As an employee of the Sunday Times, Jacobs is in some difficulty as the quasi-official chronicler of the Times close-down, and his account of it does not live up to the standards of Sunday Times investigative reporting. However, as with the histories of the popes, we don’t have to read much between the lines to realise how disastrously the business was mismanaged.

There was no coherence of purpose from the outset. Crucially, and disastrously, it was never wholly clear whether the so-called ‘key-stroking’ issue was as central to management’s concerns as the proposals for improving efficiency and ending disruption. The ‘key-stroking’ issue was the one which threatened the very existence of the NGA. As Jacobs points out, there was nothing very new about photo-composition (although it had still not come to Fleet Street), but there was something quite revolutionary, from the NGA’s point of view, about computerised photo-composition. This meant that reporters would come back from the pub and sit down at display units, and that girls in the small-ad department would tap words onto their little television screens and – at the press of a button – a computer, and not a card-carrying printer, would translate their impulses into type. The craft monopoly would be breached; it would before long mean the end of printing as a trade. The existence of the NGA was the issue, not the 45 per cent job loss (by natural wastage) which would result from the management’s proposals. For the other unions, however, the issue was chapel power. The management’s proposals to increase efficiency meant, for example, doing something about the over-manning which enabled ghost workers signing on as ‘Mickey Mouse’ and the like to collect additional pay packets for unworked Saturday-night shifts. The proposed disputes procedure meant reasserting a somewhat paternal code of discipline against the jungle power of the shop floor. The chapels weren’t likely to take kindly to that either, but it did not have the same kind of life-or-death character which the ‘key-stroking’ issue had for the NGA.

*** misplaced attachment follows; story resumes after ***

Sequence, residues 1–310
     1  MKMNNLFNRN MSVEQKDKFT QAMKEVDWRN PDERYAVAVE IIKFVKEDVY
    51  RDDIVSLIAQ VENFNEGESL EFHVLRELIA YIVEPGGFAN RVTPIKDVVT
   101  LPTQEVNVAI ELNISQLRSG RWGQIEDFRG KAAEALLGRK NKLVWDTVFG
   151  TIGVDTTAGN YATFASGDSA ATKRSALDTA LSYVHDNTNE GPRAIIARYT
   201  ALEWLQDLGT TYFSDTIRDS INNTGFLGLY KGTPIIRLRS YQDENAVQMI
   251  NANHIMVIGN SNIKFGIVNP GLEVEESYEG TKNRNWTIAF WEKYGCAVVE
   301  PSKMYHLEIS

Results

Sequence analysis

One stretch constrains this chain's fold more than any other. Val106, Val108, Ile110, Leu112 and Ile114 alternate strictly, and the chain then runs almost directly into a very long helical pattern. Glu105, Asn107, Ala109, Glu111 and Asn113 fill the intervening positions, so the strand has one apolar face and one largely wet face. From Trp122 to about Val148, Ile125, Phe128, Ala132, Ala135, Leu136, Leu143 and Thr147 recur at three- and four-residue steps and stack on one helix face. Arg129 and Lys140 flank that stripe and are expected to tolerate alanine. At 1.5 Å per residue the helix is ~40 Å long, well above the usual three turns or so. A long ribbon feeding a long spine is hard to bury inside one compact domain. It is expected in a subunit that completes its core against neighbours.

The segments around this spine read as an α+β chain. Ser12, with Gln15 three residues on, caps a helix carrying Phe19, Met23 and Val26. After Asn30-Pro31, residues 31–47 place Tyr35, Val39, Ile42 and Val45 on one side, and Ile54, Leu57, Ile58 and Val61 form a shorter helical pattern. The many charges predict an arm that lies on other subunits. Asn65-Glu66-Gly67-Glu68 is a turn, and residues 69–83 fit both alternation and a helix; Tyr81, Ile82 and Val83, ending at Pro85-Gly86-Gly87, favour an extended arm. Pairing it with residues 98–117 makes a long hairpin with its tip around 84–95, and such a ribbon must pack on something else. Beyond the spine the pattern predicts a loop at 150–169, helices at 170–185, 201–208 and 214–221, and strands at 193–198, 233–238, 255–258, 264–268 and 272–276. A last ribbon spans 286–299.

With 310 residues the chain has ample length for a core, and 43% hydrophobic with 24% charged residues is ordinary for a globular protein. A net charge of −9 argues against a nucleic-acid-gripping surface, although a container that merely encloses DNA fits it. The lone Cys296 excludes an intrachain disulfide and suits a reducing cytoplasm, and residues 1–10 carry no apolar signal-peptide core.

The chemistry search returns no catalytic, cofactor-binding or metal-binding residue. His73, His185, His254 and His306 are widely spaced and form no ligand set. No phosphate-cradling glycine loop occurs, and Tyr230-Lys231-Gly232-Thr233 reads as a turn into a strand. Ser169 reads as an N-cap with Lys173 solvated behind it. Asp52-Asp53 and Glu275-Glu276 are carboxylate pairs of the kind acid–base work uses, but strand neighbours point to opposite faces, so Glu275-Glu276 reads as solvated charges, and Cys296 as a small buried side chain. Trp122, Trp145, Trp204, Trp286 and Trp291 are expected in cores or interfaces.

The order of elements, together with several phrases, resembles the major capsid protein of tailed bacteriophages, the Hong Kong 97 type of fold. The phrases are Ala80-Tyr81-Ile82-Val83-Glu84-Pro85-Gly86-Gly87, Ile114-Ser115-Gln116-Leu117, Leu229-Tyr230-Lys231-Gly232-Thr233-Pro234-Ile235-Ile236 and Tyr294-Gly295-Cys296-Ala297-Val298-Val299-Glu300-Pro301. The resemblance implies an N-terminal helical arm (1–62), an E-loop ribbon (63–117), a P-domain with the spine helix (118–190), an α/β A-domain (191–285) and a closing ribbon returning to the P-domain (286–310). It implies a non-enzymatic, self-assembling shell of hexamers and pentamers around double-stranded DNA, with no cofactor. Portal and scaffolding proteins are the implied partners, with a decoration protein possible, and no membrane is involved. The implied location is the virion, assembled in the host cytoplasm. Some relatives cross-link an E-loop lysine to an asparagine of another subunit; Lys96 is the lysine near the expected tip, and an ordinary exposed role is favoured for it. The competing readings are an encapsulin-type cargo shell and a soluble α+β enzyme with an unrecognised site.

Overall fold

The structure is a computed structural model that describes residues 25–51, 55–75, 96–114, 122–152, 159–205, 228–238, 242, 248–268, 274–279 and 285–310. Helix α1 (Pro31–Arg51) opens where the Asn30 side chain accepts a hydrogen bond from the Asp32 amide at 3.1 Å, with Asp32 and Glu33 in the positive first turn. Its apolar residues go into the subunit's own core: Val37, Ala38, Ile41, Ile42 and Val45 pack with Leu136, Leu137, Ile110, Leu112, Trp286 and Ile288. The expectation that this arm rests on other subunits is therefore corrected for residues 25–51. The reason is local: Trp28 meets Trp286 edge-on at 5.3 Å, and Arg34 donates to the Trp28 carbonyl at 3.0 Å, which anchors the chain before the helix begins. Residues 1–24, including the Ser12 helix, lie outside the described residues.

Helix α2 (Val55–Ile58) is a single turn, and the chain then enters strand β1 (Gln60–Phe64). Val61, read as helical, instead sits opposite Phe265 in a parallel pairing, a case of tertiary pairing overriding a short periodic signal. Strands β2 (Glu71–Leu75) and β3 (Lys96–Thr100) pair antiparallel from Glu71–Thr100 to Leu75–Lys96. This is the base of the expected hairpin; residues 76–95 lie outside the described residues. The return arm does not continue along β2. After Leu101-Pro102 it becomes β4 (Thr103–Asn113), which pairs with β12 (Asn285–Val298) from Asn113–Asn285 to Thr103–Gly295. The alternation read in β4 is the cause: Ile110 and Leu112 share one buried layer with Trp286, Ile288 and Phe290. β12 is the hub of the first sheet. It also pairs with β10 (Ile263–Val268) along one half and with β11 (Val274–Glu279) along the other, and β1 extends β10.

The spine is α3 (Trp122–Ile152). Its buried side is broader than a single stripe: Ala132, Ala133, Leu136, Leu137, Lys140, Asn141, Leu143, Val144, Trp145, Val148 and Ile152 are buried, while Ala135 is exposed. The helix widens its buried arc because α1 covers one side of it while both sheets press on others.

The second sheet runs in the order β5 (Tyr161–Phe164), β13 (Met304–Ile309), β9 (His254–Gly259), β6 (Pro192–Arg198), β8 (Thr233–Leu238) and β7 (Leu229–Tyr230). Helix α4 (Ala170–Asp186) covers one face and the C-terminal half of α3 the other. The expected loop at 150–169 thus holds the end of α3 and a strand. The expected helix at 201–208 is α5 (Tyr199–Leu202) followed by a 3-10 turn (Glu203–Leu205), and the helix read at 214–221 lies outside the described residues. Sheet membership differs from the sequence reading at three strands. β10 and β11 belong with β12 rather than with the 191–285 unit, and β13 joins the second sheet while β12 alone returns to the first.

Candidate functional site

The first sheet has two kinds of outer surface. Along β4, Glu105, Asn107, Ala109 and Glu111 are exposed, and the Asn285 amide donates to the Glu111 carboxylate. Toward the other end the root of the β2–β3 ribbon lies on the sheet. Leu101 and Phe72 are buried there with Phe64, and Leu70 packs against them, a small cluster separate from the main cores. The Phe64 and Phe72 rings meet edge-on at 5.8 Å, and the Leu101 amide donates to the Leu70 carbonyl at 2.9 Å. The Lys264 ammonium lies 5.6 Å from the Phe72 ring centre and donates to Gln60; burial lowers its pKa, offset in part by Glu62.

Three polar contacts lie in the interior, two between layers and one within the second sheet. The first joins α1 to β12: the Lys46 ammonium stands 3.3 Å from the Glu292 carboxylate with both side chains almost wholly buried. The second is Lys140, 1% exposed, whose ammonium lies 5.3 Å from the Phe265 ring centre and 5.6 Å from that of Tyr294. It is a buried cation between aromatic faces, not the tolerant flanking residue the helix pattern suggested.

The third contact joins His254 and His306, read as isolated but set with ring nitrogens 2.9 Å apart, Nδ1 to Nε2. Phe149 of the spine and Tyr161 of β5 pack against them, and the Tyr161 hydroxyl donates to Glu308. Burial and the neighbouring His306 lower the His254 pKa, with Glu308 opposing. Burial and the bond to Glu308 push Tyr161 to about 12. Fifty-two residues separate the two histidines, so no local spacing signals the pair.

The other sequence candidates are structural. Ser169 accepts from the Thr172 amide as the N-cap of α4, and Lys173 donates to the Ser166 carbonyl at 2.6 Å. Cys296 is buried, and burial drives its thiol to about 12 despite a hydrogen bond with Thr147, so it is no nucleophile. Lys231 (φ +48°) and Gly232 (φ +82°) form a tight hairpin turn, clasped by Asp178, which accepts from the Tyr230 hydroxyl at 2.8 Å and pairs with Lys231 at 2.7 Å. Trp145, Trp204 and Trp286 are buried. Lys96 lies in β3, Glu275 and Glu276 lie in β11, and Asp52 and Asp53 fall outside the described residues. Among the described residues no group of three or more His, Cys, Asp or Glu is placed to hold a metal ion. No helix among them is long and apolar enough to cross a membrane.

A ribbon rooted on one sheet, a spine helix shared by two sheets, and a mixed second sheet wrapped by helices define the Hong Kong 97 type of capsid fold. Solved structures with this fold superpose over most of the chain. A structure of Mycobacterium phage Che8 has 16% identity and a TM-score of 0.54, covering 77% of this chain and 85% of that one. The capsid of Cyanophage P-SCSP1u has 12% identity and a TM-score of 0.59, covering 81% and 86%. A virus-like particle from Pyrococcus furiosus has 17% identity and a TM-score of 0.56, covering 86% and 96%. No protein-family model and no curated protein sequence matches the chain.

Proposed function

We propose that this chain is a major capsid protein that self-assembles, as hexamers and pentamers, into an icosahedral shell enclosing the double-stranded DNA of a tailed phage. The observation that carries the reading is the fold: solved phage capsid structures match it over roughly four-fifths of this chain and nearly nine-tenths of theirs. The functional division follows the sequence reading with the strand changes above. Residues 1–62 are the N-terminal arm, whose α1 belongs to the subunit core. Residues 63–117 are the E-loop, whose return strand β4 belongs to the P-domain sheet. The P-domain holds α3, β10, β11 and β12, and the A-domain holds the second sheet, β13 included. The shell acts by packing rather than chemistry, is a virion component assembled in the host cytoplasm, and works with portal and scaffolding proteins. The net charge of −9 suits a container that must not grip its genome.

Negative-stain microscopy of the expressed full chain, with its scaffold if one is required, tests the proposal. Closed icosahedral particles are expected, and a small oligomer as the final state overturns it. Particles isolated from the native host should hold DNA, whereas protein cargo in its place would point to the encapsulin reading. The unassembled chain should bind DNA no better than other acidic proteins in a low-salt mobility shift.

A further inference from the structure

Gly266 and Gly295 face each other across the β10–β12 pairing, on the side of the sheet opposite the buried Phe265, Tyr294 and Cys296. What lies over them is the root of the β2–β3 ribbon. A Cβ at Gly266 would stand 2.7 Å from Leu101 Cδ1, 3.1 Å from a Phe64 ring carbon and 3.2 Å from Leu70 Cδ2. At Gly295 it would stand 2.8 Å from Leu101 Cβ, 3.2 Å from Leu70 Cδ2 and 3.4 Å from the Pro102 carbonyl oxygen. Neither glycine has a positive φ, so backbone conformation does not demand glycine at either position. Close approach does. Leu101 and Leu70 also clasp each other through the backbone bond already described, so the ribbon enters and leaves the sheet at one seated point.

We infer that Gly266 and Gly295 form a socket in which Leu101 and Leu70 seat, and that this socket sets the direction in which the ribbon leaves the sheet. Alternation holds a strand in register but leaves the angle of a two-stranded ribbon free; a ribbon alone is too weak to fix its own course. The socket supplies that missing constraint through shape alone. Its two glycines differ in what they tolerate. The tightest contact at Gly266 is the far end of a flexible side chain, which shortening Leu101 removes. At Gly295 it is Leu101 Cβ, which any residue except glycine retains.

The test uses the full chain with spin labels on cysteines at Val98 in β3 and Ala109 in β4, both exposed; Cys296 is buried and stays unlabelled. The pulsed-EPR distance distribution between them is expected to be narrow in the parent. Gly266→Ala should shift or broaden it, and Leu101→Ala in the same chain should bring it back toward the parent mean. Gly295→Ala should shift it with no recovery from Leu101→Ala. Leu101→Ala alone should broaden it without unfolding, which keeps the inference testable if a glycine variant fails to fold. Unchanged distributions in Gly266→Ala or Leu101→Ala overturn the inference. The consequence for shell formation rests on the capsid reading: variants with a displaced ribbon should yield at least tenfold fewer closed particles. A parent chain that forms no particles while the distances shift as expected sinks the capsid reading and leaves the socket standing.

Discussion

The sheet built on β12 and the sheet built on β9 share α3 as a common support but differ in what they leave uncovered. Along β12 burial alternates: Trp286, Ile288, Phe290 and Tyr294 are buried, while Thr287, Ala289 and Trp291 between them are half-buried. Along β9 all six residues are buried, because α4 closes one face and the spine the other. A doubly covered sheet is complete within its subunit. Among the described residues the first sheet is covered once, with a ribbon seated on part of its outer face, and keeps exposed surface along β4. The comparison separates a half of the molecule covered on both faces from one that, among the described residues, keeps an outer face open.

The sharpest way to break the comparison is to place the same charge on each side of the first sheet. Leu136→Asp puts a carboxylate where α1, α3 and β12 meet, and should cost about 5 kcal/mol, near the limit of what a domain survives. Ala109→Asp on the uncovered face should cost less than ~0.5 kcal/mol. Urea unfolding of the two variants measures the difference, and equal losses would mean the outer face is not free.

Management misjudged the power of the printing unions. It misjudged the willingness and ability of their national leaders to co-operate at the centre. It underestimated the power of the unions to absorb their locked-out members in other Fleet Street offices, or – in the case of the craft unions – to afford to pay them ample benefit. In the end, it was Times Newspapers, losing £2 million a week through the shut-down, which became desperate to resume publication, the unions who could afford to take their time and drive a hard bargain. Management followed an initial overkill with premature concessions; above all, it made the classic error of going into an industrial battle from which it had no plan of retreat. Jacobs’s detailed account of all this makes sad reading, and reminds one of the cautionary epitaph: